In 2013, it ranked 68th out of 144 countries.
According to the 13th edition of the Global Information Technology Report 2014, little progress has been made in bridging the gap between the world's most networked economies and the rest of the world.
Many large emerging economies continue to struggle to realise their full digital potential and feature lower down the index, while developed economies feature on the top.
Among emerging market economies, China was placed on the 62nd position, Brazil (69th), Mexico (79th) and India (83rd).
India is the least performing of the BRICS economies and the drop in rankings can be traced back mainly to difficulties in improving historical limitations and keeping up with other emerging economies in several dimensions.
"India's networked readiness profile remains hindered by the quality of its political, regulatory, and business environment and its lack of digital infrastructure," the report said.
Finland was placed in the first place, followed by Singapore and Sweden in the second and third spots.
Other economies in the top ten include, the Netherlands (4th), Norway (5th) and Switzerland (6th), the United States (7th) Hong Kong SAR (8th) the United Kingdom (9th) and the Republic of Korea (10th).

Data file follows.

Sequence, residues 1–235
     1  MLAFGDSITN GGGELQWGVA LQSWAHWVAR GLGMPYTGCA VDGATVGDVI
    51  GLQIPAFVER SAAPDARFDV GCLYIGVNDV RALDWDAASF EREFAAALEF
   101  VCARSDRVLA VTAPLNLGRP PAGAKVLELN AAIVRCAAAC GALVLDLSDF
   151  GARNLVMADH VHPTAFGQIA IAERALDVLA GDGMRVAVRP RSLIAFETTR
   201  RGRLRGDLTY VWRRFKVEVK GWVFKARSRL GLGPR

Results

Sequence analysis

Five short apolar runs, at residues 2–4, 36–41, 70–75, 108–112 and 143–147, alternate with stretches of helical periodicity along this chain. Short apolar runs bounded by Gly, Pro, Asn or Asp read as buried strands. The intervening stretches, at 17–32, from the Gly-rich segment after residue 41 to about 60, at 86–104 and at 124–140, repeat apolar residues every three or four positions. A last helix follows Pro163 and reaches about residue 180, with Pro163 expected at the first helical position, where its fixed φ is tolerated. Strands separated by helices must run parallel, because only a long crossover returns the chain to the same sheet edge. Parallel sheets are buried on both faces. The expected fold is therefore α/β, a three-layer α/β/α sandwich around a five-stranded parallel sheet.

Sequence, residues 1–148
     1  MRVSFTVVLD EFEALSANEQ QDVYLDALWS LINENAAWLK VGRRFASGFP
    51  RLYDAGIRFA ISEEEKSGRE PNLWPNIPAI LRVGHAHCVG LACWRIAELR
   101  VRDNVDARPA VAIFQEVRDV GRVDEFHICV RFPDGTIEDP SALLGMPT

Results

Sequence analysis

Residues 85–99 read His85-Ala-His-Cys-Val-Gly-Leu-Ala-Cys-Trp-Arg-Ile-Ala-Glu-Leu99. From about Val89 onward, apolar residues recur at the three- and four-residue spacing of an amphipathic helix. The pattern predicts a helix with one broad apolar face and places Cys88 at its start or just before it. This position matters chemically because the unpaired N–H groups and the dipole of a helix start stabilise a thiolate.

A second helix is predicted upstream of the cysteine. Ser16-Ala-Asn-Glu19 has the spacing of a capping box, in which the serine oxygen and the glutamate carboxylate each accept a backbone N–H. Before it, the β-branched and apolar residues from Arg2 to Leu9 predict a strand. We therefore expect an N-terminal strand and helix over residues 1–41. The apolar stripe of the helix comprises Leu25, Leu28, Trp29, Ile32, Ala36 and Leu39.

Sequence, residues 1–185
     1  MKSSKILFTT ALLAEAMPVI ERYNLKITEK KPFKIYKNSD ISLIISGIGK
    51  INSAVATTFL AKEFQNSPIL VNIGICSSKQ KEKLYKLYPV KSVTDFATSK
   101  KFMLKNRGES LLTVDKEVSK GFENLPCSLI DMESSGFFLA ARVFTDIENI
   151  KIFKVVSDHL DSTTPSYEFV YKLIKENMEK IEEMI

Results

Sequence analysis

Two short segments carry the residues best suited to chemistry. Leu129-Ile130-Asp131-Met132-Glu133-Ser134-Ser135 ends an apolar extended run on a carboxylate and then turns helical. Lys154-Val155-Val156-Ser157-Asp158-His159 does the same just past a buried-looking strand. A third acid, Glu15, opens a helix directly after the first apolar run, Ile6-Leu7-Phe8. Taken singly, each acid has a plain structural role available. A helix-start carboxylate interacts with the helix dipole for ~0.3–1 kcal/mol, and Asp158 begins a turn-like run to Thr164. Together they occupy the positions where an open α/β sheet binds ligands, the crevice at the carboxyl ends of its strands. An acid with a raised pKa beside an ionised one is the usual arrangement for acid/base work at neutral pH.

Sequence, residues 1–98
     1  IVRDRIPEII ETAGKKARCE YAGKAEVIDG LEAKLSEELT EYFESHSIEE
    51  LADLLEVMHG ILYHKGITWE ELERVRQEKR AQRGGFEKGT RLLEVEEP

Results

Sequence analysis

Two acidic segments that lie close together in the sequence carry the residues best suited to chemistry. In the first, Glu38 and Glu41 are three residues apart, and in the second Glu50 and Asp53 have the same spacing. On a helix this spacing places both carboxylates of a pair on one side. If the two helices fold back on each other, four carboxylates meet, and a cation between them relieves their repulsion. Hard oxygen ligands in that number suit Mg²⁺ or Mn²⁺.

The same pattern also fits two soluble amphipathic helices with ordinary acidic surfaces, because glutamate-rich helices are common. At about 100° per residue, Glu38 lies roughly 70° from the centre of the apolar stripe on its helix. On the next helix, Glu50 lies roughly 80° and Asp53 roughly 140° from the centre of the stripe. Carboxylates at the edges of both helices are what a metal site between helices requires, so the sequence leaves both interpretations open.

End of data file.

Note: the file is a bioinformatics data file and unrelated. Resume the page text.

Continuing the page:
"In addition to the persistent digital divide across countries, governments should also be wary of understanding, identifying and addressing potential internal digital divides so that new opportunities can be created for all and support enhanced social inclusion," said Benat Bilbao-Osorio, senior economist at the WEF's Global Competitiveness and Benchmarking Network and co-editor of the report.
The report is the result of a long-standing partnership between the WEF and INSEAD, and since last year, also with the Samuel Curtis Johnson Graduate School of Management at Cornell University.